So the race to bring driverless cars to the mass market is hotting up. But it begs the question, would you drive one? Do you call it driving or riding or being a passenger?
From a technological standpoint, they certainly excite us here at Comms. We love driving, but this futuristic concept would have seemed at home in some far-fetched science-fiction film from three decades ago. So to think that they could become a reality is staggering.
However, in May, a driver of an electric Tesla car was killed in a road accident. We fully expected that this tragic incident would derail any form of progress. However, the latest car manufacturers to throw its hat in the self-driving ring are the Ford Motor Company.
The CEO of Fords, Mark Fields, had this to say, “We’re rethinking our entire business model. It’s no longer about how many vehicles we can sell; it’s about what services we can provide. We understand that the world has changed from a mindset of owning vehicles to one of owning and sharing them.”
This comes on the back of Ford launching Ford Smart Mobility (FSM), a subsidiary to develop in-car connectivity, ride-sharing and autonomous technologies. FSM is designed to compete like a startup, to translate Ford’s decade of work in autonomous systems into real products.
Fields foresees a world transformed by driverless cars, Uber and climate change. “You could argue that in major cities, vehicle density will drop because of automated vehicles and congestion charges. Some cities might even outlaw personal use of vehicles.”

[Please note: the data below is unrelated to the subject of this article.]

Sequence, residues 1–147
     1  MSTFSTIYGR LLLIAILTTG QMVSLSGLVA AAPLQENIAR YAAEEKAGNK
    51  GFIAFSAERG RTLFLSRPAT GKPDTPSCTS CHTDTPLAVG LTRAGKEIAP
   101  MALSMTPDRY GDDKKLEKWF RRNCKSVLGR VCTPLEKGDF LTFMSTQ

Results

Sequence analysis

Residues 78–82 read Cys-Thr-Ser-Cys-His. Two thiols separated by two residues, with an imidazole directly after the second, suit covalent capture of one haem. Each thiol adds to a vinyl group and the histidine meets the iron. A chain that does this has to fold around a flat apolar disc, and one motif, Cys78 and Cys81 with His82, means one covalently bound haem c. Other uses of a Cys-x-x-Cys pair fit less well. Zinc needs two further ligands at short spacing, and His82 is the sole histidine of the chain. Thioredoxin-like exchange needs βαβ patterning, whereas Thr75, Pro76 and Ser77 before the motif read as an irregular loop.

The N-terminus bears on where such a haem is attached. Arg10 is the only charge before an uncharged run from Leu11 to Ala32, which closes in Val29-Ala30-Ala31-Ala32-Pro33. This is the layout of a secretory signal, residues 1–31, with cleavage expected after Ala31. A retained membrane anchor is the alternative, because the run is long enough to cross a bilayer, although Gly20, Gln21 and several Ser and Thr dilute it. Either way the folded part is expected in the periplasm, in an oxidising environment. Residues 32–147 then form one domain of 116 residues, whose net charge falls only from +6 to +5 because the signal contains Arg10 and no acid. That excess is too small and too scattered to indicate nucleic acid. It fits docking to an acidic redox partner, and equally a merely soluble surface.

One of Ford’s strategies to cope with this is to accelerate its efforts towards a fully autonomous car. Fields now says Ford will have a completely self-driving car, without a steering wheel, an accelerator or pedals, in production by 2021. It will initially be used only for robotic taxi services in restricted urban areas but should be available for consumers to purchase by the middle of the decade.
Ford Fusions and the Lincoln MKZ are already being used for self-driving start-ups such as Faraday Future, Autonomous Stuff and Uber.
“It’s the absolute best vehicle right now for testing self-driving,” says Bobby Hambrick, CEO of Autonomous Stuff, a company developing retro-fit automated driving kits. “There are no other car makers that are so open to working through third parties like us.”
Fields also point to the multinational’s competencies in building and selling vehicles. “We’ve been working on autonomous vehicles for over ten years,” he said. “And for 100 years, we’ve built a high-volume product with quality and affordability.”
Fields finished his keynote address by predicting that autonomous vehicles will have as significant an impact on society as Henry Ford’s moving assembly line did a century ago.
So it would appear that Ford is already very much in the game.
Until next time…